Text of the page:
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Int J Qual Health Care. 2006 Jun;18(3):203-10.

Identifying risk factors for medical injury.

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Medical College of Wisconsin, Family & Community Medicine, Milwaukee, WI 53226, USA.



To examine multiple risk factors for medical injury using administrative data.


This cross-sectional study used logistic regression models to examine associations among patient characteristics such as age, sex, and insurance payer status and hospital characteristics such as ownership, teaching status and trauma level, and comorbidities and presence of a medical injury diagnosis. Data were from the Bureau of Health Information: Wisconsin hospital in-patient discharge records and hospital characteristics for the year 2001.


All Wisconsin non-federal, acute-care hospitals.


A total of 556 899 patients discharged from 132 Wisconsin hospitals, excluding newborns, participated.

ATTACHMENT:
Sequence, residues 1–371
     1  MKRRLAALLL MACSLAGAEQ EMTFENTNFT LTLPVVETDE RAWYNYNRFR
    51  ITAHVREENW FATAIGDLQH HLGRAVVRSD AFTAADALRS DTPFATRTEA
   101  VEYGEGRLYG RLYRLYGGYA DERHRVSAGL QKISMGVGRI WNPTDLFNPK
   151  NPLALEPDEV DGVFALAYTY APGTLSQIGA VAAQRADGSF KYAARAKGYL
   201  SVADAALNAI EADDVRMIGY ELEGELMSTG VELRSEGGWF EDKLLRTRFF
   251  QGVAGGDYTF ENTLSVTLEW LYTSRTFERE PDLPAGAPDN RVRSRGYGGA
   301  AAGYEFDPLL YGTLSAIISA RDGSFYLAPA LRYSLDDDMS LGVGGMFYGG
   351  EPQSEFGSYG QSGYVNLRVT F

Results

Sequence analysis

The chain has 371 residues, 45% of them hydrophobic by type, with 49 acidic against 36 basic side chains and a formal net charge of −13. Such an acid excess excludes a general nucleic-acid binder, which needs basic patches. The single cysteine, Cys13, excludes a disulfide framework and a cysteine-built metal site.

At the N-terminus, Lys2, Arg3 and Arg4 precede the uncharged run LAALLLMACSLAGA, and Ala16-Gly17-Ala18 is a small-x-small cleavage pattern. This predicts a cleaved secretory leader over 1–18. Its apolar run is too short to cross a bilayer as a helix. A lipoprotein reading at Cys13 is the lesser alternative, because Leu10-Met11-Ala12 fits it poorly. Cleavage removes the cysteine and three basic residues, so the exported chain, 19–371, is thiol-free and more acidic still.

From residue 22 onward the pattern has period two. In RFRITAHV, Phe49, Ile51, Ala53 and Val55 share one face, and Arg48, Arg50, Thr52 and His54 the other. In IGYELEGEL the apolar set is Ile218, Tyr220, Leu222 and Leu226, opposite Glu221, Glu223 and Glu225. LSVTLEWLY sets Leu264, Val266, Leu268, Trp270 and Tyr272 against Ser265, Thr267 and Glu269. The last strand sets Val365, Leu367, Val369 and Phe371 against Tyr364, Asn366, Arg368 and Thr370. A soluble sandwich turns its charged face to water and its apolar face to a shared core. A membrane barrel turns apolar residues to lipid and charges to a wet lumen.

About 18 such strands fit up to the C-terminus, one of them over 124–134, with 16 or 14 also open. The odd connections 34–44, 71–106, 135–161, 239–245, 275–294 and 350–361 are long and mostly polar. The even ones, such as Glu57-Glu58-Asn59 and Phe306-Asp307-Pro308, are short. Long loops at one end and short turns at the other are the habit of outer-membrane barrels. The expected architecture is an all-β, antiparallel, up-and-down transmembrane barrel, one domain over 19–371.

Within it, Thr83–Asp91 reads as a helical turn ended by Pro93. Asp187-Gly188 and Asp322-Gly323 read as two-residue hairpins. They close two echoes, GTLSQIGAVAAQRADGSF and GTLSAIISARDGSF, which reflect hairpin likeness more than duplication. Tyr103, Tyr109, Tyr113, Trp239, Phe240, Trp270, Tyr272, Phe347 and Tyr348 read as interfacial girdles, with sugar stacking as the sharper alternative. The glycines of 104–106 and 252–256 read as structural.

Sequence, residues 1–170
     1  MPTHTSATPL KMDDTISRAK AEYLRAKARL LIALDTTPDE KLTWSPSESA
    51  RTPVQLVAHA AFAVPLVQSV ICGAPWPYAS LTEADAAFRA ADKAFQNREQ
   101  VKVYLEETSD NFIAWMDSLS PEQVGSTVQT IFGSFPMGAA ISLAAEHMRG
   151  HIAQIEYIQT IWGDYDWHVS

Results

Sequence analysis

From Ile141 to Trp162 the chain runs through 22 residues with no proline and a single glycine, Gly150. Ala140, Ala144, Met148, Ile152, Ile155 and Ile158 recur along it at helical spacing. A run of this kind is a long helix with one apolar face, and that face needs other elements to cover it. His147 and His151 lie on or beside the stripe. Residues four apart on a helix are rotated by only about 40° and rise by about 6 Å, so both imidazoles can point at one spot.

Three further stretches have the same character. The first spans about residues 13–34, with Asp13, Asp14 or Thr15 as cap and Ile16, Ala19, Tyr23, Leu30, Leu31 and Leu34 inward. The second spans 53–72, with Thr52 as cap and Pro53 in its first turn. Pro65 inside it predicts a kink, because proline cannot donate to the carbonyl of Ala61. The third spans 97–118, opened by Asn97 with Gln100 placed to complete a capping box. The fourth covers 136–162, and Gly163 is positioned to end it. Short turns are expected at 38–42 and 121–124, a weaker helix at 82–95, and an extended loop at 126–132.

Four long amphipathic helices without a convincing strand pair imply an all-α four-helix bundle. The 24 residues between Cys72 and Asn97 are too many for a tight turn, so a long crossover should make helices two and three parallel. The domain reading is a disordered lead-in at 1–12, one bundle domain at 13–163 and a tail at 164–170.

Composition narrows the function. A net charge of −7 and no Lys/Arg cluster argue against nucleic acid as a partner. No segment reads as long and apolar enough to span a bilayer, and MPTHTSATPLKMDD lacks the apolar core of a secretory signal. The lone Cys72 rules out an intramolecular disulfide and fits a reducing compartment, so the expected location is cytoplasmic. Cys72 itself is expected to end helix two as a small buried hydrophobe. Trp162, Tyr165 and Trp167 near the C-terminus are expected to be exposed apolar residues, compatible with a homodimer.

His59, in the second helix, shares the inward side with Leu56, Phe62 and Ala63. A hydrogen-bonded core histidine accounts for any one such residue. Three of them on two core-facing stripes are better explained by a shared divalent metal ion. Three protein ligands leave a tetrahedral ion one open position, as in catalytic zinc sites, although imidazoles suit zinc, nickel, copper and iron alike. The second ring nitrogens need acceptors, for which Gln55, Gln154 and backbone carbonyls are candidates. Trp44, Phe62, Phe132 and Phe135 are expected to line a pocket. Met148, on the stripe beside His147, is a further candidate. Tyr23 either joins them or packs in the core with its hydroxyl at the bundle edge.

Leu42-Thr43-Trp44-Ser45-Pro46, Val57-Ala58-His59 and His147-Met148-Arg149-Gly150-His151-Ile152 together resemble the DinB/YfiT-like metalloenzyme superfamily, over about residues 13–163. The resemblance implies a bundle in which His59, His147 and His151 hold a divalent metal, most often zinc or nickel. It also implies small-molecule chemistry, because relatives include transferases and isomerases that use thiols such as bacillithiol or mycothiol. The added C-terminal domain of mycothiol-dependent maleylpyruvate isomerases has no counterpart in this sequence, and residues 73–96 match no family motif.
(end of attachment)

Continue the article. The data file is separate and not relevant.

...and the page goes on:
None. Main outcome measure. Medical injury, defined as untoward harm to a patient as a result of a medical intervention, was determined using discharge diagnosis criteria.


Medical injuries were found in 13.3% of 556 899 hospital discharge records. Covariates associated with increased risk of a recorded medical injury code included age 45-84 years, female sex, comorbidities, non-profit religious order ownership, proportion of cardiac intensive care in-patient days to total in-patient days, percent of board-certified medical staff, and community trauma center or regional trauma resource.


This article describes an innovative analysis of risk factors for medical injury that controlled for numerous potential confounding factors, including hospital coding characteristics. The associations we found, such as increased risk of medical injury in women, can be used to generate hypotheses for further testing through other methods and suggest intervention points for patient safety efforts.

[Indexed for MEDLINE]

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